Alden's Sixth Massachusetts Regiment
Alden's Sixth Massachusetts Regiment was born during the general reorganization of the Continental Army during late 1776 and early 1777. The state of Massachusetts established the cores of its regiments through the work of two committees, one with the main army under General Washington and the other with the Northern Army at Ticonderoga. Alden's Regiment was born from the remnants of the Northern Army at Ticonderoga. By the close of the war's second year of campaigning the Continental Congress authorized the enlistment of soldiers for terms of three years or the duration of the war. The vast majority of the enlistments in the regiment were for three years. In spite of the fact that a cash bounty was paid and a land bounty was promised for enlistment for the duration of the war.
The core of the officer corps had begun service with the Lexington Alarm in April of 1775. Colonel Alden had been Lieutenant-Colonel in Cotton's Massachusetts Regiment in 1775, and Lieutenant-Colonel of the Twenty fifth Continental Regiment in 1776. Lieutenant-Colonel Stacey had been Major of Woodbridge's Massachusetts Regiment in 1775. Major Whiting had been a lieutenant later captain in 1775, and a Captain in the Sixth Continental Regiment in 1776. The core of officers for Alden's was appointed in November of 1776, though all their commissions with the exception of Colonel Alden's are dated from January first 1777. This is also when the balance of the officers were commissioned. Many of the junior officers had also been in service since April of 1775.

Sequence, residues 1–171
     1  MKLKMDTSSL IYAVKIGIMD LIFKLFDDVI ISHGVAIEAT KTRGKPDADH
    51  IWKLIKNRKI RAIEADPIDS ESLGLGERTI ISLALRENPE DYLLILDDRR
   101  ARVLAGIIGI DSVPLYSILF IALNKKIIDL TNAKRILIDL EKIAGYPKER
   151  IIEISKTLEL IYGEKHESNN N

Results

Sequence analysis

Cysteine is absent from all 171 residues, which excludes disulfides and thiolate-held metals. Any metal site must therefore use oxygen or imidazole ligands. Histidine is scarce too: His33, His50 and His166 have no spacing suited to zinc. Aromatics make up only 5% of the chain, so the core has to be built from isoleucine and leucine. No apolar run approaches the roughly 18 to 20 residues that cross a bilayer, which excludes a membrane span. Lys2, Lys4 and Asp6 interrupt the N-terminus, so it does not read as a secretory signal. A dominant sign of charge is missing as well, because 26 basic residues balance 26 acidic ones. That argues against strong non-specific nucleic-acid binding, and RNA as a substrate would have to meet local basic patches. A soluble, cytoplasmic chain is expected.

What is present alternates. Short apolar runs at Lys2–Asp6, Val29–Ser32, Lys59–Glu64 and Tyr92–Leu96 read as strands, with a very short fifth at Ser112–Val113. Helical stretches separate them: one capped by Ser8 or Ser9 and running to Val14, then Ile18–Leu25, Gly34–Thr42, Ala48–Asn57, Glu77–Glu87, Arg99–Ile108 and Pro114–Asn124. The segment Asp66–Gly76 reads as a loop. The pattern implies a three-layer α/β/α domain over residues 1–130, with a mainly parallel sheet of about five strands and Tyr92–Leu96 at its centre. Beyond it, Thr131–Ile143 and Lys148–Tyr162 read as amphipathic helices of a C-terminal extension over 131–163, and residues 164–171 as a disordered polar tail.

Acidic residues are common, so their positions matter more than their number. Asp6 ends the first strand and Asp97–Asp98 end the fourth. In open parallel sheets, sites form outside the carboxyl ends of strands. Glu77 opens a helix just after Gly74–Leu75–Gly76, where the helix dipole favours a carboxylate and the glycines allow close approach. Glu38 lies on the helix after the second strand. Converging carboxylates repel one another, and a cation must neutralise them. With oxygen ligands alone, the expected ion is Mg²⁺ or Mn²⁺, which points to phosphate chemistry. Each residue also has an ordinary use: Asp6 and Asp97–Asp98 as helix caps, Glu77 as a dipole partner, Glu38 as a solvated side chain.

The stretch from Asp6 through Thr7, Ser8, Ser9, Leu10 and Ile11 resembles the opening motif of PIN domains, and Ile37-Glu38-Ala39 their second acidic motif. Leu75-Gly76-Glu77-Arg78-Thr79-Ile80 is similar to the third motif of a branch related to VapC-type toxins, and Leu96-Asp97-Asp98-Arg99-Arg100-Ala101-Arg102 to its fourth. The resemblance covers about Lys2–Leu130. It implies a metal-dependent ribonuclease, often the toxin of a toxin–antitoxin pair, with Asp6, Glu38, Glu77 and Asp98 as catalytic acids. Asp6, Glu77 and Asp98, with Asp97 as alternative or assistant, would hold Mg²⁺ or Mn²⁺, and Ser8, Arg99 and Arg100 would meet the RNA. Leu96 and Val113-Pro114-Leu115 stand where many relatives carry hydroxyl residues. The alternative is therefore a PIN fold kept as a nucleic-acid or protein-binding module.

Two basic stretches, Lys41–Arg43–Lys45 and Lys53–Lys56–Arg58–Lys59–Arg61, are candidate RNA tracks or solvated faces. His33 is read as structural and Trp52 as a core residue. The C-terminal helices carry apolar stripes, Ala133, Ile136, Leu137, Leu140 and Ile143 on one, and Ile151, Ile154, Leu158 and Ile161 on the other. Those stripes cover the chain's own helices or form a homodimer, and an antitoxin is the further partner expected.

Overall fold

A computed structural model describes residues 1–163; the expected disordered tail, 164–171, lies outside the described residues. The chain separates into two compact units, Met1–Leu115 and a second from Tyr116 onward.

At the beginning of the 1777 campaign the regiment was stationed at Peekskill New York, in an incomplete form with recruiting still going on in Massachusetts. The bulk of the rank and file were recruited in the first half of 1777. The regiment was a member of General Nixon's Brigade which was ordered north to reinforce the Northern Army in the early days of July. By the time they arrived at Fort Edward on July twelveth the British Army under General Burgoyne was at Skenesborough. General Philip Schuyler command the four thousand men opposing Burgoyne. His opinion of the New England troops was not high, and the troops generally felt the same of him. Through the retreat down the Hudson River Valley the regiment was part of the rear guard. They destroyed bridges, roads, felled obstructing trees to delay the British advance. The regiment also saw its first combat fighting off the screen of Indians and Tories which harried them through the retreat.
After the tide in the north had turned the regiment helped to construct the defensive works at Bemis Heights. The regiment was held in reserve during the First Battle of Saratoga, but did suffer some casualties in that days fighting in its detached troops. On October seventh the regiment was part of the frontal assault that lead to the storming of the German redoubt known as Breymann's redoubt. The taking of this redoubt triggered the retreat of Burgoyne's army. The regiment suffered seventeen killed and wounded in this days fighting. A couple of weeks later the regiment witnessed the march of Burgoyne's army into captivity.
The winter of 1777-1778 was spent in garrisoning Albany.